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Seafloor Pressure Array Studies at Ultra-Low Frequencies
CALIFORNIA UNIV SAN DIEGO LA JOLLA
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Broadband inertial measurements of environmental noise on the seafloor have always been difficult technically and few examples of successful measurements are available. A knowledge of environmental noise processes, however, is essential for future broadband instrument design and deployment. In order to measure broadband noise routinely, a low frequency pressure gauge designed for deep ocean recording was adapted for use with the Scripps OBSs and calibrated in the laboratory. The instruments were deployed twice in array configurations along with other pressure sensors in 4.1-km deep ocean southwest of San Diego, California. Spectra from the hydrophones showed a stable 0. 1 5 Hz microseism peak throughout the deployment period with some evidence of dispersion. Smaller peaks at 0.3-1 Hz appeared when the local wind became stronger. Highly coherent peaks at 0.085 Hz, originally interpreted as single frequency microseisms, were found to be Rayleigh wavetrains from large earthquakes. Reverberations in the water column caused by P-wave arrivals from the earthquakes were also observed. Coherence in the microseism band was significant only for instruments separated by less than 6 km, lending support to the hypothesis that the source is at least in part isotropic and random. Wavenumber analysis was successful only for the well-defined earthquake signals while for the microseism band, low coherence and the location of the sensors reduced the arrays useful azimuthal resolution.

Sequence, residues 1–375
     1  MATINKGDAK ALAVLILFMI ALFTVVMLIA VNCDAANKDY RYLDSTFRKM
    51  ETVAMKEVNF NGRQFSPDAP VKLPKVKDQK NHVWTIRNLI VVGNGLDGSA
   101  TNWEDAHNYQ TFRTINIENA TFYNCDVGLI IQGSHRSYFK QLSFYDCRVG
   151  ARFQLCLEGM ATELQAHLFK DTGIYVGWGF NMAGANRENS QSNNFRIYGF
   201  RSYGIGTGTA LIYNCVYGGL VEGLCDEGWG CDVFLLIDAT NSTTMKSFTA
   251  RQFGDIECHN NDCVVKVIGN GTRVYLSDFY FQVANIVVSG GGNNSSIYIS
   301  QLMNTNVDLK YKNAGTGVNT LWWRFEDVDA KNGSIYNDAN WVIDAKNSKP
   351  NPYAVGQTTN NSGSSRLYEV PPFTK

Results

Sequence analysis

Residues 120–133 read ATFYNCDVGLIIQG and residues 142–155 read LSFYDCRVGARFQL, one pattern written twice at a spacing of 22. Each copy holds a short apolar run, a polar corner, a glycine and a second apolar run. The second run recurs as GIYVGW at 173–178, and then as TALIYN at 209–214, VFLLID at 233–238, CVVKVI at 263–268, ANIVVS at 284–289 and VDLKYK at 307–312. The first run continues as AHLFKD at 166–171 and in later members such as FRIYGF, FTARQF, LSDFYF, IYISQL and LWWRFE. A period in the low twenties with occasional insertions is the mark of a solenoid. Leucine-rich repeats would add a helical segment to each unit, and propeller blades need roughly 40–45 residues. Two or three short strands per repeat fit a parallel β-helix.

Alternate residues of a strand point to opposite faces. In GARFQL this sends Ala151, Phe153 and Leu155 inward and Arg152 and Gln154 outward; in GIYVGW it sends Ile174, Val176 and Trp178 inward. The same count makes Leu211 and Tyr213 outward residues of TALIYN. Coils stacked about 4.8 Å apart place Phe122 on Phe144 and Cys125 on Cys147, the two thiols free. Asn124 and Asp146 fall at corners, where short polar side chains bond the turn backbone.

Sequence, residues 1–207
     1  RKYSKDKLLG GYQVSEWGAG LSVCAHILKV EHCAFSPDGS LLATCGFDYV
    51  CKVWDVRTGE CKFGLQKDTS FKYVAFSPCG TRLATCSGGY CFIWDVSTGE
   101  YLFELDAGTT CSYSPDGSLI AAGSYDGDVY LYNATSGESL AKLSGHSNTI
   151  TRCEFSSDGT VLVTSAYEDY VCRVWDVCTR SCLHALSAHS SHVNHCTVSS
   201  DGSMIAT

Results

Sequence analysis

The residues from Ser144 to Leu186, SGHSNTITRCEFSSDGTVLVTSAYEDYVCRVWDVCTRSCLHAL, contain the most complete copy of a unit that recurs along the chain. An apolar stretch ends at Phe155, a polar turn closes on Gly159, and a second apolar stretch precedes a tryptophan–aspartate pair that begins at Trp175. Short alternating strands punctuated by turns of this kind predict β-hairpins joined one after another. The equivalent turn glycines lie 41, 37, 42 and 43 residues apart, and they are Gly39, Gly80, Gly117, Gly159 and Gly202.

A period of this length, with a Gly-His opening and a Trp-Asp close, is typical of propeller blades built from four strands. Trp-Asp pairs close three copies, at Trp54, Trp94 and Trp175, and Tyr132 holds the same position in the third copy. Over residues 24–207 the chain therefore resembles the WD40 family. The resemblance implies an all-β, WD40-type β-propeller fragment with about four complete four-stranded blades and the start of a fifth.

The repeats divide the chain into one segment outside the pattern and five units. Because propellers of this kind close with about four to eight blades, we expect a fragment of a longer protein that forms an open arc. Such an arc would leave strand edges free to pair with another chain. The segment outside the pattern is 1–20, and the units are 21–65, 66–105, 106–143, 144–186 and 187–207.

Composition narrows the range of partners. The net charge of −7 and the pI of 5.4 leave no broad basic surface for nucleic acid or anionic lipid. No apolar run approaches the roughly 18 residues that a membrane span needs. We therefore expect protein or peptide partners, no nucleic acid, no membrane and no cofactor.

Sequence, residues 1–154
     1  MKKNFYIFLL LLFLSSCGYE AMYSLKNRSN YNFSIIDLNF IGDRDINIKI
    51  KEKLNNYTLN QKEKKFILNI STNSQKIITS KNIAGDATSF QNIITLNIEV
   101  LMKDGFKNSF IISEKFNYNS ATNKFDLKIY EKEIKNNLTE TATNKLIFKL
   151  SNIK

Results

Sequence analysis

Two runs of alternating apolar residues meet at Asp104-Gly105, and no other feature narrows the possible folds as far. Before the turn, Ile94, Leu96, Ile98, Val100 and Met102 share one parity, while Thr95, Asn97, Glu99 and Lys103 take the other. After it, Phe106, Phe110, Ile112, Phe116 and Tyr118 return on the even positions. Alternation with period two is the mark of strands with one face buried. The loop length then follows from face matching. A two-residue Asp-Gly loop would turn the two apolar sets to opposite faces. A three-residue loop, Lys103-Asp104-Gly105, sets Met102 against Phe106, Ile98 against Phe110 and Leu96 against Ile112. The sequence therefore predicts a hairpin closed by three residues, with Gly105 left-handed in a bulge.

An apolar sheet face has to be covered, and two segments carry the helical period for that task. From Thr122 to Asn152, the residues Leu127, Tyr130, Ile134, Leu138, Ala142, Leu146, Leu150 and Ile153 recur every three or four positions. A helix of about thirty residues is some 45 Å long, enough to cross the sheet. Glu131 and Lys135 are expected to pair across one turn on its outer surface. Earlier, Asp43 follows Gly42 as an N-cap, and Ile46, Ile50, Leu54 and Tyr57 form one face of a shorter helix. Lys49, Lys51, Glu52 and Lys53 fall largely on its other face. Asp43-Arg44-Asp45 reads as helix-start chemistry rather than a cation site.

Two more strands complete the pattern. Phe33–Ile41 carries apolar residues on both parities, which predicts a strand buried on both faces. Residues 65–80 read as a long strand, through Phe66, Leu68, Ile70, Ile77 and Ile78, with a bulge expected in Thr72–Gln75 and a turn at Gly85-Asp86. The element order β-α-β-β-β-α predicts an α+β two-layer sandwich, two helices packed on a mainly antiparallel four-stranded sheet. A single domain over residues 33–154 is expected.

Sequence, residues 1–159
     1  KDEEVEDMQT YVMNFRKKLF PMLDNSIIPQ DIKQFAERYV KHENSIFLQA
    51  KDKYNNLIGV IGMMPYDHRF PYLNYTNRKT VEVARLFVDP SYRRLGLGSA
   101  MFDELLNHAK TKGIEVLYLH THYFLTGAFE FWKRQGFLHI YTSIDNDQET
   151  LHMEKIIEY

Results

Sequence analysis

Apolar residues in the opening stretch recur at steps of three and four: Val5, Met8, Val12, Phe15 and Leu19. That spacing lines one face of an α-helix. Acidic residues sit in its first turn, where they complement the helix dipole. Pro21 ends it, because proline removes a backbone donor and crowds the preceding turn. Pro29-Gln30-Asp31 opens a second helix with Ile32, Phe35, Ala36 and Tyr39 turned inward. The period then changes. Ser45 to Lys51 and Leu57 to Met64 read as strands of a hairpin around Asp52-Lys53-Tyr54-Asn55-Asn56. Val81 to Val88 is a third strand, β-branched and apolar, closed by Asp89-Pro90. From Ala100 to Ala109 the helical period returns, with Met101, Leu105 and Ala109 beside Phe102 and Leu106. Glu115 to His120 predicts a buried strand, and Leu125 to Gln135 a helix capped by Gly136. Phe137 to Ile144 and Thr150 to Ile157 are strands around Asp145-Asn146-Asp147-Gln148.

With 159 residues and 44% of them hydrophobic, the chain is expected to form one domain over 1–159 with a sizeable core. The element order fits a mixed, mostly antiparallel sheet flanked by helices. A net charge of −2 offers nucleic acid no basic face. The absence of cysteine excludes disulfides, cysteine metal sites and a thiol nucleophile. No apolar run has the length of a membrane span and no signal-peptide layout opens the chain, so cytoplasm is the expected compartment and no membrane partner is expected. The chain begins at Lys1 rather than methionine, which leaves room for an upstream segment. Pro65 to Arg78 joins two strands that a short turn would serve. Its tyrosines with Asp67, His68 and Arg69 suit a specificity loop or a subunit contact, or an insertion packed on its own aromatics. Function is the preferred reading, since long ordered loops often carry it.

APPROVED FOR PUBLIC RELEASE